Education

QPS works on plan for students to return to classroom for 2020-21 year

The Quincy School Board, meeting in person with masks and social distancing, weighed in Wednesday night with guidance for developing plans for students to return to classes for the start of the 2020-21 year.
H-W Photo/Deborah Gertz Husar
By Herald-Whig
Posted: Jun. 25, 2020 12:01 am

QUINCY — Quincy Public Schools Superintendent Roy Webb expects to have a plan ready by early July to share with the community outlining a framework for students to return to classes for the start of the 2020-21 year.

"Everybody wants a traditional return with very few safety control measures," Webb said after Wednesday night's School Board meeting. "We're going to work on having a common sense approach and allowing what we can and also having some safety measures in place."

State guidance released this week strongly encourages in-person instruction provided districts require wearing masks and social distancing whenever possible, screen anyone entering school buildings, increase schoolwide cleaning and disinfection and prohibit more than 50 people from gathering in one space.

The QPS leadership team begins work Thursday to finish a plan to meet guidelines making both education and safety a priority.

"Almost every conceivable thing has to be rethought by our teachers and staff going into next year," he said. "It will cost our district a significant amount of time, a significant amount of money and talent. We're going to lose people because this is not what individuals signed up for."

Plans will be different for the early childhood, elementary, junior high and high school buildings and will be reviewed by the Adams County Health Department.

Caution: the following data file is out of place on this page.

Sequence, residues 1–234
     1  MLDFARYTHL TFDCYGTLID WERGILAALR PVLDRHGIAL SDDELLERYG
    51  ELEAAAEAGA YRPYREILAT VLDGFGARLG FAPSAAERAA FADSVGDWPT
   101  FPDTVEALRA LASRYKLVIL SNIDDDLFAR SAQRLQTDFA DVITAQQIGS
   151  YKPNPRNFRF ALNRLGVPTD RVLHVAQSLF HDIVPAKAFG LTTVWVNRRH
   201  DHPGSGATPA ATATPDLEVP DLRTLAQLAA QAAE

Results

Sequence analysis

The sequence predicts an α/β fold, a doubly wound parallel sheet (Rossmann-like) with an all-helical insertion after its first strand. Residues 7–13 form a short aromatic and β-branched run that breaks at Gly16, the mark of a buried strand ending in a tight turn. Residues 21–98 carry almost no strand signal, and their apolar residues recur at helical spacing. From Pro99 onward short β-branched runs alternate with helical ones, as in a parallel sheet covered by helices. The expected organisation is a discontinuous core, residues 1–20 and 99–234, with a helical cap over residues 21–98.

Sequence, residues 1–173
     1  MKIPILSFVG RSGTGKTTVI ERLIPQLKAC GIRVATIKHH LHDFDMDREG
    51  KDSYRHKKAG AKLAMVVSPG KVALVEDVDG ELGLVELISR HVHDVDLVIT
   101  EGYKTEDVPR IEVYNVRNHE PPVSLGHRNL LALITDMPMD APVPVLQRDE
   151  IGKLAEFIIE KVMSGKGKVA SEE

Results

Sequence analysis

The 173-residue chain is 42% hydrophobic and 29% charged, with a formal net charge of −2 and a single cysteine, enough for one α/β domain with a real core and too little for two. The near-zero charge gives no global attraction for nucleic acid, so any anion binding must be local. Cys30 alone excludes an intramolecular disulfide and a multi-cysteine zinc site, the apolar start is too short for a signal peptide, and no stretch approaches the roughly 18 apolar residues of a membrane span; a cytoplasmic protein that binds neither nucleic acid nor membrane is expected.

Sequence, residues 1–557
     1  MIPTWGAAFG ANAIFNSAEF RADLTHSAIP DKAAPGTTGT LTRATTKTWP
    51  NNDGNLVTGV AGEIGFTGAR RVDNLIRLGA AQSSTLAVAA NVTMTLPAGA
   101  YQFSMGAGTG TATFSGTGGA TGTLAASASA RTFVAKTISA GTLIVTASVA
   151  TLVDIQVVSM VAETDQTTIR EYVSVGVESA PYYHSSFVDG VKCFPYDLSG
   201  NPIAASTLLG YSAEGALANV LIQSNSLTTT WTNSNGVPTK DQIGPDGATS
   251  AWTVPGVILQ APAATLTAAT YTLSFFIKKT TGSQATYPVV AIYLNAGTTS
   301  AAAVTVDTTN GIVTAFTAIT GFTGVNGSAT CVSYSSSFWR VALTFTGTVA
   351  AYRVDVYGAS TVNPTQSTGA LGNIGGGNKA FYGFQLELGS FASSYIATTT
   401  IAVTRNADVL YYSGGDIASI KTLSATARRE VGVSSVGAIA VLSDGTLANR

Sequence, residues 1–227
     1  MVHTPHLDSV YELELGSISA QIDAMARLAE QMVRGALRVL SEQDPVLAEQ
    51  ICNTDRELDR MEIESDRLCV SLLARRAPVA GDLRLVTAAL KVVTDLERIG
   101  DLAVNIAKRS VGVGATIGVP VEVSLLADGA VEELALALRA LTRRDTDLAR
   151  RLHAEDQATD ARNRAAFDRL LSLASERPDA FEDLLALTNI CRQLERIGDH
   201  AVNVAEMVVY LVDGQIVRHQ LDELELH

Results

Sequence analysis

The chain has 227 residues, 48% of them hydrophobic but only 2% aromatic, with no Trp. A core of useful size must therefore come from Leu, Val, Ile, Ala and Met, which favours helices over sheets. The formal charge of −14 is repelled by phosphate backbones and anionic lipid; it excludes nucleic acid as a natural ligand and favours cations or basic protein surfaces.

School Board members weighed in on Wednesday with guidance for developing the plans, ranging from making communication the top priority and maintaining the district's ability to pivot throughout the school year.

"This plan could be completely put together, and we could feel good about it, then the next day we could have another spike in cases in a certain school, a certain classroom, and we're going to have to adjust the plan," Webb said. "That ability to adapt, the ability to change will be critical. It's going to be quite a ride for six months to a year."

Board members want to see the district make in-person every day learning a priority for younger children but look at blended learning -- combining in-person and remote classes -- for older students.

Board member Jim Whitfield said, "I don't want to see high school kids fall through the cracks. A lot of kids need that in-person instruction."

Webb said district leaders hope to have help in the planning process from QPS staff and from district parents and guardians.

A future planning survey for staff, due Friday, asks questions about basic needs, the remote learning plan and expectations, teaching and learning, connectedness and communication, planning for the coming school year, including resources to feel safe returning to school and equity.

A parent/caregiver reflection survey, due Tuesday, seeks information on basic needs of students, communication and expectations, and student learning, including what resources/procedures are needed to feel safe sending a child back to school.

More than 1,500 parents already have responded to the survey, with many concerned about the feasibility of students of any age wearing masks. Face shields could be one alternative to masks -- and Webb said they will be used for some staff members including teachers of the deaf and hard of hearing where it's critical for students to see the teacher's mouth.

Board member Shelley Arns urged Webb to take the survey feedback into consideration in deciding the plan.

"The most important thing when you ask for input is that you listen. Whether it's feasible or not, they know you heard it, considered it, weighed it when making plans," Arns said.

Just as important, board members said, is keeping in mind the mental, physical and emotional well-being of staff while continuing to take care of student needs.

Board President Sayeed Ali said, "This is something we've never dealt with. If there could be a little patience, a little understanding while our leadership team is putting together those plans, it would be much appreciated. It's hard to be patient when you want to know exactly what's going to happen in the fall -- that's how I feel -- but with 6,700 students and 1,000 employees, I think some patience will really help us out."